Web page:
Vastation

Vas`ta´tion


n.1.A laying waste; waste; depopulation; devastation.
Webster's Revised Unabridged Dictionary, published 1913 by G. & C. Merriam Co.
References in periodicals archive ?
(13) Conventional responses to female masculinity are not kind, but this vastation of male femininity reflects the asymmetry of sexual difference in masculinist culture.
The question drives Harold Bloom to write despairingly: "Nothing is alive in Isabella, and Shakespeare will not tell us why and how she has suffered such a vastation. ...
Revel then is a masque, a danse macabre where truth is the ultimate realization of Vastation, the existential and ecological crisis of the Waste Land.
This is one of Barbara Guest's most singular and sustained contributions to the American avant-garde: a quietist's vastation and a whispered overthrow.
The interest of both James brothers in the phenomenon of conversion probably owed much to their father Henry James, Sr.'s own "vastation" or conversion to Swedenborgianism, which took place in 1844.
As well, James was early exposed to mysticism through his father's Swedenborgianism (Henry James Sr's account of his mystical "vastation" is reprinted in F.O.
From his black stones, in the latitudes of our vastation, DeLillo, too, has made a miracle.
But our defining trait is divisiveness, separateness, spiritual vastation, individual grievance elevated to general grief, exasperating variety heaving tumultuously now and again into exasperating uniformity.
misfortune nobly suffered, of vastation of soul so irreparable.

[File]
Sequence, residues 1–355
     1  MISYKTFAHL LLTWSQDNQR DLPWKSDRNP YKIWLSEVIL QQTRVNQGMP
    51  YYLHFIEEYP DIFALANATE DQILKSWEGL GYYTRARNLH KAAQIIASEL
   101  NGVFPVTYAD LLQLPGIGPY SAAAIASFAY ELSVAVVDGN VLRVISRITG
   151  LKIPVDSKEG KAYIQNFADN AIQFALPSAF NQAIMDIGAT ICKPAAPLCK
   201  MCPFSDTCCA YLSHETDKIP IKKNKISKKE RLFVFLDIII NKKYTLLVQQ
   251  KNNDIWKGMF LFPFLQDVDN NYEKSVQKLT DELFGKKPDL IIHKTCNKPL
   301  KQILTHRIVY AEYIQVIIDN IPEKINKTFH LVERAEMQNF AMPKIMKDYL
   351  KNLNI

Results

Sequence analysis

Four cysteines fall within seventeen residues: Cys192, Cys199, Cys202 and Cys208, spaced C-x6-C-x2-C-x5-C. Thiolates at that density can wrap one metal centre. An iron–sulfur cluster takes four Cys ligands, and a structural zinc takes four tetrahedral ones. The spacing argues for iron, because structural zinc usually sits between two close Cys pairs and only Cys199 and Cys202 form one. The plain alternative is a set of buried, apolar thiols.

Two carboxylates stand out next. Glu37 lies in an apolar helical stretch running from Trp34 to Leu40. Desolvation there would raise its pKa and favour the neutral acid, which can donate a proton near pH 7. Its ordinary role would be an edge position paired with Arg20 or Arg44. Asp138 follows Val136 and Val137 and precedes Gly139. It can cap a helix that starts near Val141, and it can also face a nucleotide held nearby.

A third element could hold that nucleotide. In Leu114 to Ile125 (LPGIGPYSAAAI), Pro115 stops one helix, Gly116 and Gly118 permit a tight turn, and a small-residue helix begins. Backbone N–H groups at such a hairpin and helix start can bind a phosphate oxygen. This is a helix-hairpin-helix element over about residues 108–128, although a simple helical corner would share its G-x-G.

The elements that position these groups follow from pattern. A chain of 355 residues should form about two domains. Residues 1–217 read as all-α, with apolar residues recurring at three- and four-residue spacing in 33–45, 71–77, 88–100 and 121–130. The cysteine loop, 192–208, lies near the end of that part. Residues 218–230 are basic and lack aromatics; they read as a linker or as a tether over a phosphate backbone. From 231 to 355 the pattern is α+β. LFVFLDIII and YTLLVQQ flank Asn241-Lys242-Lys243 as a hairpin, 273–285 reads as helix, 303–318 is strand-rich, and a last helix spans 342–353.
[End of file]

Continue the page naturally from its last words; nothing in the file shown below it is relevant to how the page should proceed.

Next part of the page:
The work of Peter Straub and a number of other contemporary writers characteristically open up where traditional horror shuts down; in the face of what Clute calls "vastation," they seek to find room for something like the sacred.
The preliminary terms of this process emerge in James's own episode of "panic fear" (reminiscent of the 1844 "vastation" experience of his father, Henry Sr.) that he presents as a "case" in The Varieties of Religious Experience, but later reveals as being in fact autobiographical.(3) Having entered his dressing-room one evening while in a pessimistic state, William was suddenly overcome by "a horrible fear of [his] own existence," a condition he refers to as a kind of soul sickness (Varieties 134).
James clearly provides the lesson of the master in this genre not only because his is a superior talent but because he, his father, and brother William all had experienced in some form a Swedenborgian "vastation" or "unmanning contact with supernatural evil" (p.